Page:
“I had that tugging to do my part, to do my service,” Franken said. “It’s kind of a familial thing.”
At first, he intended to join the Air Force, but when he went to their offices, the recruiter wasn’t in. So, he walked to the Navy recruiter’s office instead and signed up. The year was 1978.
“They said they’d be happy to have me,” Franken said. “They were going to give me a full ride in college, and I was all about that. I was going to get to do exactly what I wanted in the Navy. I figured for a four-year stint, this was a good thing if they were going to pay for my college and I didn’t have to work at Sioux-Preme every weekend, like I was doing at the time.”
It took him three weeks to build up the courage to tell his mother about his new plans.
He never intended to make the Navy his career, however.
Franken ended up graduating from the University of Nebraska with a degree in civil engineering and another degree in finance, graduating in 1981.
“After my first tour of duty when I could have gotten out, they dangled graduate school in front of me,” Franken said. “It was going to be a technical graduate school, and I thought that would look good to have the college of physics on my resume.”
So, off he went to California to go to the Naval Postgraduate School, followed up with some more sea duty. Upon finishing school, he did well enough that he had many options ahead of him.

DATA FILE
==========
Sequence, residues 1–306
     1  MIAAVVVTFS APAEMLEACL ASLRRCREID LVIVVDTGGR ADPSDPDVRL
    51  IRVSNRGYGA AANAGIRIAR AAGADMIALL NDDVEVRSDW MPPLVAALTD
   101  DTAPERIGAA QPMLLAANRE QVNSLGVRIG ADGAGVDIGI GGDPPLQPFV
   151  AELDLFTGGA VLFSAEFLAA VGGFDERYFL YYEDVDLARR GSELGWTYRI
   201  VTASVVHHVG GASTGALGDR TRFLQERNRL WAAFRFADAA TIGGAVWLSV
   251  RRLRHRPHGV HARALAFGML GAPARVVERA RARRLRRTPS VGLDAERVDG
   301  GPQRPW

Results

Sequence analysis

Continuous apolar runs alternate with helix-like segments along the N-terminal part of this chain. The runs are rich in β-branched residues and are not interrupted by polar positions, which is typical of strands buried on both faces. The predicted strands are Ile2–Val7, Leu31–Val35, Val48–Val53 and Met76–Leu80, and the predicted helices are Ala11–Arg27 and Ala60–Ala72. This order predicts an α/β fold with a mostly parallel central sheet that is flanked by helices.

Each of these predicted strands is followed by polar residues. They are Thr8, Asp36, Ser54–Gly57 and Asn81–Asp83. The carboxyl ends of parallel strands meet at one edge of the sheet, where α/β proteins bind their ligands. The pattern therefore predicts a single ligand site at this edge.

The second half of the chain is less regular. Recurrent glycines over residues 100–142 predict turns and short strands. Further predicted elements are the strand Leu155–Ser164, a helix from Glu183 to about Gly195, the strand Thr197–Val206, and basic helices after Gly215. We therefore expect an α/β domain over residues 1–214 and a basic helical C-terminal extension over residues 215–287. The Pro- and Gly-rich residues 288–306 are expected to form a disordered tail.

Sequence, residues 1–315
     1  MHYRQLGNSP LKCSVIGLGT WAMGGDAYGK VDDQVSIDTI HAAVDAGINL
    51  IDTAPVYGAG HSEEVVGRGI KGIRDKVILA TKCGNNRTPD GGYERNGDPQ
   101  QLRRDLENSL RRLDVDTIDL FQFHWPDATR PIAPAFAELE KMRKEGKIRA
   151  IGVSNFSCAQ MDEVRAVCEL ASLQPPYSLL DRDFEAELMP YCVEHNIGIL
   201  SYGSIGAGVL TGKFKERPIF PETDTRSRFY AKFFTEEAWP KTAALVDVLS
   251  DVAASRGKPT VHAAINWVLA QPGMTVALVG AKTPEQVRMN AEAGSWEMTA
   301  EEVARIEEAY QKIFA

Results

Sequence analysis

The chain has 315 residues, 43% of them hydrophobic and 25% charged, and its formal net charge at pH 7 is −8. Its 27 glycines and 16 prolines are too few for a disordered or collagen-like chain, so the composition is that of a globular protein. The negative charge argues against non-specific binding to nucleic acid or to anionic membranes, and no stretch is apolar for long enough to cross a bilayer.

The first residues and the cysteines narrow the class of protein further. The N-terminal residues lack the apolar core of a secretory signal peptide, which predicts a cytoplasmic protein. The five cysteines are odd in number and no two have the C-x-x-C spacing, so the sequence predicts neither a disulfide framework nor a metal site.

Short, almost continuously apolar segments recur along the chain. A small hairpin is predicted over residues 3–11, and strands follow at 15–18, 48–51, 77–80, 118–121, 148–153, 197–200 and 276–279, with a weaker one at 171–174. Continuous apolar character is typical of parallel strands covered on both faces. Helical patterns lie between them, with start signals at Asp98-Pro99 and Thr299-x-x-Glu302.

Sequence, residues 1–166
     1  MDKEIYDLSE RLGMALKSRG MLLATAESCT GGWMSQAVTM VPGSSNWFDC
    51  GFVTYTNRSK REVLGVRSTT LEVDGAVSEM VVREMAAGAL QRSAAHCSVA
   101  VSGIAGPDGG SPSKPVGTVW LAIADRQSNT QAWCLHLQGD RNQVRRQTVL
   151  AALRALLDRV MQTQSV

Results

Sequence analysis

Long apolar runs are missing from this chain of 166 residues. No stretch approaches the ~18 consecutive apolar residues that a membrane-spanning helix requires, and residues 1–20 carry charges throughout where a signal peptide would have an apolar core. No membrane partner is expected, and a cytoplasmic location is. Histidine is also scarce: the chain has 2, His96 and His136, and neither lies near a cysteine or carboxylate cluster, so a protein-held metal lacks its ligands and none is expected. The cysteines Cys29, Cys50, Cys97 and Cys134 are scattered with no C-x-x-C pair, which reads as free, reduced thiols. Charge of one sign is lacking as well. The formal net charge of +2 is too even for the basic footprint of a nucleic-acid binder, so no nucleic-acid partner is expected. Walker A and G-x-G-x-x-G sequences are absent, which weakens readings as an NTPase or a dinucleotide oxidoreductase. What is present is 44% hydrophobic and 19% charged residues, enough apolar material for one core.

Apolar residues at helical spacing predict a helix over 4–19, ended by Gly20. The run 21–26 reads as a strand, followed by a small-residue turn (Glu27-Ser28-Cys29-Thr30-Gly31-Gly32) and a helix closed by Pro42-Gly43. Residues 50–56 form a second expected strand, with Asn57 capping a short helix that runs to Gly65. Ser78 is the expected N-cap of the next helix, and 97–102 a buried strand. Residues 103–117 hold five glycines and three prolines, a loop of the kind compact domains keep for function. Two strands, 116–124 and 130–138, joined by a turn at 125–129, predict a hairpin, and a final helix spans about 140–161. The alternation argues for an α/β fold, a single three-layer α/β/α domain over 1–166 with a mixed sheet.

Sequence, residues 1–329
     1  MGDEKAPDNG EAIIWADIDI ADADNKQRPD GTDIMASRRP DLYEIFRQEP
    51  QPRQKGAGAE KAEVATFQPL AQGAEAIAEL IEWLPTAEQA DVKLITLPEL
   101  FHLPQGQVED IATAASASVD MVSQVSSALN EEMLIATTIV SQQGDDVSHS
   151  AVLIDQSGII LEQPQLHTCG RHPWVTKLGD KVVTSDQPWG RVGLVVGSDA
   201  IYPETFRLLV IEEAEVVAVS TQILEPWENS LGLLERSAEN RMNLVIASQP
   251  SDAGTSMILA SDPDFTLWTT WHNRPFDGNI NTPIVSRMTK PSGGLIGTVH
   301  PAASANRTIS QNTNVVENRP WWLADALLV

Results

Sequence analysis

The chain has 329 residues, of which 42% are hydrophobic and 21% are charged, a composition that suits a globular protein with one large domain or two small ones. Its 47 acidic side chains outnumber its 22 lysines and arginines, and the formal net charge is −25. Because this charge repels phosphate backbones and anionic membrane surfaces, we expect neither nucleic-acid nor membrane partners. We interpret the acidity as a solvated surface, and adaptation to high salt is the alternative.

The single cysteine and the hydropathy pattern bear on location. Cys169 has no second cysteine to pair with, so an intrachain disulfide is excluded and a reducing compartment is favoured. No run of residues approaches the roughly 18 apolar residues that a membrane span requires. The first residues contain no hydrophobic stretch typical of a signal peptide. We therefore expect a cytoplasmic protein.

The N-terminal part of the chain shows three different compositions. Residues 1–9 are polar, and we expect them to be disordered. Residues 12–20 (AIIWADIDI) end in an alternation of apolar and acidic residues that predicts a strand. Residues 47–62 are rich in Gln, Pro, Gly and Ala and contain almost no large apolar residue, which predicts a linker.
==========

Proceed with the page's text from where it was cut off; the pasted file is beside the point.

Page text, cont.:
He successfully put himself up for consideration to work as an admiral’s executive assistant.
As time went on, more opportunities for advancement appeared, and Franken kept taking them.
By the time he retired in 2017, Franken had traveled the world, having visited more than 100 countries and lived in countries in Africa, Asia and Europe. Due to his job, a lot of time has been spent in the Persian Gulf, the Indian Ocean and the Mediterranean Sea.
Following the terrorist attacks on 9/11, he’s conducted a number of special operations and led U.S. forces fighting against piracy and terrorism in Africa.
“I had personnel stretching from Mauritius in the east to Liberia in the west. That’s roughly the equivalent distance of New York to Pearl Harbor,” Franken said. “I had Army, Air Force, civilians, development people building hospitals, buildings schools, drilling wells, laying roads, chasing terrorists, mediating peace between countries. We built out South Sudan and established a new country.”
One point of pride in his work in Africa is the effective response to a sudden rise in piracy around 2010.
“Using a multilateral approach on land and on air and on sea, we went to zero piracy a mere 18 months later,” he said.
He also still remembers his vote as a captain against Pentagon plans to invade Iraq in 2002. The George W. Bush administration had Pentagon officials meet to vote on one of three plans for the invasion of Iraq, but he was against any of the plans presented.
“I was told early on in my career by a very dear man that I should believe my instincts above what others tell me,” Franken said. Although he agreed that some sort of response might be necessary, “I used my instincts to say that the invasion of Iraq was perhaps ill timed. I was against the Gulf War before it was vogue to do so.”